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Pentecost How the Church began

By Doug Culp

Pentecost How the Church began

The Catechism describes the Church as both the “means and the goal of God’s plan” of communion. The word itself means a convocation or assembly (Latin ecclesia, from the Greek ek-ka-lein, to “call out of”).

In the Old Testament, ekklesia designated the assembly of the Chosen People, especially on Mt. Sinai where Israel received the Ten Commandments and was established by God as a holy people. The early Christian community adopted the name because it recognized itself “as heir to that assembly.” In terms of Christian usage, the word “church” has three inseparable meanings: the liturgical assembly, the local community and the whole universal community of believers.

Origin, foundation, and mission

God, the Father, created the world for the sake of communion, a communion brought about by the “convocation” of people in Christ, or the Church. The Church then is “the goal of all things” that was prepared for in the Old Testament and instituted by Christ in his work of accomplishing the Father’s plan of salvation in the “fullness of time.”

The Church “is the reign of Christ already present in mystery.” It is a kingdom that is presented to all humanity in word, in deed, and in the presence of Christ. It is “born primarily of Christ’s total self-giving for our salvation, anticipated in the institution of the Eucharist and fulfilled on the cross.”

On Pentecost, the Church was revealed to the crowds and the work of spreading the Gospel throughout the world began. “... The Church in her very nature is missionary, sent by Christ to all the nations to make disciples of them.”

However, the Church is also ultimately a mystery – in history and visible while at the same time outside of history transcending it and invisible. Quoting the Vatican II document, Sacrosanctum concilium, the Catechism states, “The Church is essentially both human and divine, visible but endowed with invisible realities, zealous in action and dedicated to contemplation, present in the world, but as a pilgrim, so constituted that in her the human is directed toward and subordinated to the divine, the visible to the invisible, action to contemplation, and this present world to that city yet to come, the object of our quest.”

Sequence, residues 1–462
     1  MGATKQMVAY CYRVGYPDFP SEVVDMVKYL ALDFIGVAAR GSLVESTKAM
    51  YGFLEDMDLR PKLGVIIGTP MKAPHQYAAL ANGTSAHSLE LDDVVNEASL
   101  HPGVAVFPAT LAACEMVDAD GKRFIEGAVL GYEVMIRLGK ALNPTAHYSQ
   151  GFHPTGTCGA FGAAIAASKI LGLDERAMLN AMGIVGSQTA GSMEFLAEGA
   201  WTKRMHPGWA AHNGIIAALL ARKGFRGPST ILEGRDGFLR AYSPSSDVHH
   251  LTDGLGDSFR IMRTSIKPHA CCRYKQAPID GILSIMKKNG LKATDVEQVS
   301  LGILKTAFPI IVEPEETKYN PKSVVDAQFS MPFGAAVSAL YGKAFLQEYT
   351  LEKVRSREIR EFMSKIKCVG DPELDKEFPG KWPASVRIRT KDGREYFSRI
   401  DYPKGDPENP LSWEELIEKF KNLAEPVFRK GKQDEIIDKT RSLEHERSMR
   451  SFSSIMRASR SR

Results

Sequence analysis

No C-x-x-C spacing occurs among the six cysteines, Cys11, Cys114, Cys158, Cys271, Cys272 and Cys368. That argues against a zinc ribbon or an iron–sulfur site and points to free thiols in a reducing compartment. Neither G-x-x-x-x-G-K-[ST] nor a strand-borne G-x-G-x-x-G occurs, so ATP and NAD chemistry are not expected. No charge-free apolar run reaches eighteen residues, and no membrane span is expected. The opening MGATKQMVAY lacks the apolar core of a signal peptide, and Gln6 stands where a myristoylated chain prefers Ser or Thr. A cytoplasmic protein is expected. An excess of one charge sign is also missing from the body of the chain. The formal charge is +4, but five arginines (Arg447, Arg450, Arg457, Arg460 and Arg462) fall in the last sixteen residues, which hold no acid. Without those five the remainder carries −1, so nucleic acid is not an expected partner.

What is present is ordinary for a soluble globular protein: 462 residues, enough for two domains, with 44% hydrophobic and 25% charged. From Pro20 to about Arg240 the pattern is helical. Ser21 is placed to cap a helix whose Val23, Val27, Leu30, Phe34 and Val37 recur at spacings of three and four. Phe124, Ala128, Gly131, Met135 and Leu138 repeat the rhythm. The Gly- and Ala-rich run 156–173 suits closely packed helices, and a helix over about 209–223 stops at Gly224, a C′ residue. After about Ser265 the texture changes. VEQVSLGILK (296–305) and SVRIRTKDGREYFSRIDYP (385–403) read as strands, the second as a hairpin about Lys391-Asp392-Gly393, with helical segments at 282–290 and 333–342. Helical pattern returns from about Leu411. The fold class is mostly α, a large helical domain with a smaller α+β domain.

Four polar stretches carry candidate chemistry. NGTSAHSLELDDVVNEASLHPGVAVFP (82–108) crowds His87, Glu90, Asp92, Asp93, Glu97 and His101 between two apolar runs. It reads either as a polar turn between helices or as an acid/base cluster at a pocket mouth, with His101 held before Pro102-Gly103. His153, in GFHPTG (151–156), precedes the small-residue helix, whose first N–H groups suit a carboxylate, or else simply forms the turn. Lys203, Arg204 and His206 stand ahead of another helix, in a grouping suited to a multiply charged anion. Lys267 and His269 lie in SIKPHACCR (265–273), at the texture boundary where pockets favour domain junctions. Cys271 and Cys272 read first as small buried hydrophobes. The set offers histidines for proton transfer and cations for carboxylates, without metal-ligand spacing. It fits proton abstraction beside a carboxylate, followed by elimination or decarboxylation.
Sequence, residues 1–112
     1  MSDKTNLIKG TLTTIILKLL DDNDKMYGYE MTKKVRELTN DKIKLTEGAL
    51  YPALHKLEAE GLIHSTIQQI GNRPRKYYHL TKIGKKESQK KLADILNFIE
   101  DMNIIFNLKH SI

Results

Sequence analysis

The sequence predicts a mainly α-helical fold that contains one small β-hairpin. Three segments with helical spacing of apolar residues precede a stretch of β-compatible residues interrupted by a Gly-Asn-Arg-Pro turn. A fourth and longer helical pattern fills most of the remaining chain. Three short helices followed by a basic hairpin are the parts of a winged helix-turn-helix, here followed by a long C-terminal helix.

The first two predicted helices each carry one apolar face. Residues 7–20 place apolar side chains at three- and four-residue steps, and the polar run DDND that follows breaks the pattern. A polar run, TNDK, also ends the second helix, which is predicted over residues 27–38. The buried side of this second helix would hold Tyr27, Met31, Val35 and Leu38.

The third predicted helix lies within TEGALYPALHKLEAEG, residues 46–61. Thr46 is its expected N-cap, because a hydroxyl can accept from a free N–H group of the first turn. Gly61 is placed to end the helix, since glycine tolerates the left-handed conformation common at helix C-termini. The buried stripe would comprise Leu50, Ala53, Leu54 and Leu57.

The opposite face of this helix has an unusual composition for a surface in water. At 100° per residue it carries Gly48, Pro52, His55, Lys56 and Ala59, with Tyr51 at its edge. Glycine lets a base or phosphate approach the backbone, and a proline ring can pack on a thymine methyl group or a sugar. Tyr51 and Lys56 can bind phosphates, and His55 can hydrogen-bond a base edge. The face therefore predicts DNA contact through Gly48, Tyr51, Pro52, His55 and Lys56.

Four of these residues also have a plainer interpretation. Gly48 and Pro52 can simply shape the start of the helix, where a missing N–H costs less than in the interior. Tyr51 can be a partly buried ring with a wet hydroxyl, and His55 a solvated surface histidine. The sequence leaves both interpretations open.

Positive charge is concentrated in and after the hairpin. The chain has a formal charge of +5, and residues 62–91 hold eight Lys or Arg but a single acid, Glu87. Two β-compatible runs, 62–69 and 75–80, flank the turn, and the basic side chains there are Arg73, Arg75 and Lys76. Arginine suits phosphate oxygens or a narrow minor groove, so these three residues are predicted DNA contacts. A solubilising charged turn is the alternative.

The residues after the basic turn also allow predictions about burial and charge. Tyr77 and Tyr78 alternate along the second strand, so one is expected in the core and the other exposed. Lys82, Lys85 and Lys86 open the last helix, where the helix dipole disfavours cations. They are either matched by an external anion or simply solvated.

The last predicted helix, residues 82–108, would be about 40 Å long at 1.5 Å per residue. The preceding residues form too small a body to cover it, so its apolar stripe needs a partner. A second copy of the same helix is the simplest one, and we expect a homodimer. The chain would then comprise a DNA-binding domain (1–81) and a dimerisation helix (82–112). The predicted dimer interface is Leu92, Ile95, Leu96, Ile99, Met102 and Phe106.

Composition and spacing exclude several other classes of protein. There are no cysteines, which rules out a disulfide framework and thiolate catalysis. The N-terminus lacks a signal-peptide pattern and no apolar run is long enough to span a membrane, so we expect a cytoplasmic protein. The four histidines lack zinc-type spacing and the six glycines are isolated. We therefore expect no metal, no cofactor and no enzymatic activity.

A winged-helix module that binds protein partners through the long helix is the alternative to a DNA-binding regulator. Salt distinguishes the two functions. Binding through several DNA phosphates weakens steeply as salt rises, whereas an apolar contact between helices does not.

In short, the Church is the mystery of humanity’s union with God. The Church’s structure is completely ordered to the holiness of its members as its purpose is this communion with God. It therefore is like a sacrament – a sign and instrument – of communion with God and of unity among humanity. It is Christ’s instrument for the salvation of the world, the visible plan of God’s love for humanity because God “desires that the whole human race may become one People of God, form one body of Christ, and be built up into one temple of the Holy Spirit.”

The People of God

According to the Catechism, the People of God is distinguishable from all the other religious, ethnic, political and cultural groups of history. It is a “chosen race, a royal priesthood, a holy nation.” (1 Pet 2:9) Membership is gained not by physical birth, but by faith in Christ and baptism, i.e. of the Spirit and of water. Its head is Jesus Christ and the Holy Spirit flows through it.

The People of God has the dignity and freedom of the sons and daughters of God. Its law is the commandment to love as Christ loved us and its mission is to be salt of the earth and light of the world. Its destiny is “the kingdom of God which has been begun by God himself on earth and which must be further extended until it has been brought to perfection by him at the end of time.”

The People of God likewise participates in the three offices of Christ: priest, prophet and king. It bears responsibility for the mission and service that flow from these offices.

– Quotes come from the Catechism (748-865) unless otherwise noted.

Doug Culp is the CAO of the secretariat for pastoral life at the Diocese of Lexington, Ky. He holds an M.Div. from Mundelein Seminary in Chicago.